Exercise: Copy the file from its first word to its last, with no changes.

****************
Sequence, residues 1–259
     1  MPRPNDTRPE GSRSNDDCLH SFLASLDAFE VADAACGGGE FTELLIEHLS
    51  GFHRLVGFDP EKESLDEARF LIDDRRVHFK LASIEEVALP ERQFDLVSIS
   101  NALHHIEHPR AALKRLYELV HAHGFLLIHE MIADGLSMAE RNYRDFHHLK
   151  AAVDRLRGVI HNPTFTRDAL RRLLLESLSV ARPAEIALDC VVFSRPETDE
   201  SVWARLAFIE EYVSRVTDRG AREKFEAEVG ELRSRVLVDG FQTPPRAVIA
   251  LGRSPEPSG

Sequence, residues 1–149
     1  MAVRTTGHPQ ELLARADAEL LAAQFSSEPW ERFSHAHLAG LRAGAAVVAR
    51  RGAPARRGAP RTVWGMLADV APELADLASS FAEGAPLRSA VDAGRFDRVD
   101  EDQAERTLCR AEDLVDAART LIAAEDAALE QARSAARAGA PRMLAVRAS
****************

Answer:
Sequence, residues 1–259
     1  MPRPNDTRPE GSRSNDDCLH SFLASLDAFE VADAACGGGE FTELLIEHLS
    51  GFHRLVGFDP EKESLDEARF LIDDRRVHFK LASIEEVALP ERQFDLVSIS
   101  NALHHIEHPR AALKRLYELV HAHGFLLIHE MIADGLSMAE RNYRDFHHLK
   151  AAVDRLRGVI HNPTFTRDAL RRLLLESLSV ARPAEIALDC VVFSRPETDE
   201  SVWARLAFIE EYVSRVTDRG AREKFEAEVG ELRSRVLVDG FQTPPRAVIA
   251  LGRSPEPSG

Sequence, residues 1–149
     1  MAVRTTGHPQ ELLARADAEL LAAQFSSEPW ERFSHAHLAG LRAGAAVVAR
    51  RGAPARRGAP RTVWGMLADV APELADLASS FAEGAPLRSA VDAGRFDRVD
   101  EDQAERTLCR AEDLVDAART LIAAEDAALE QARSAARAGA PRMLAVRAS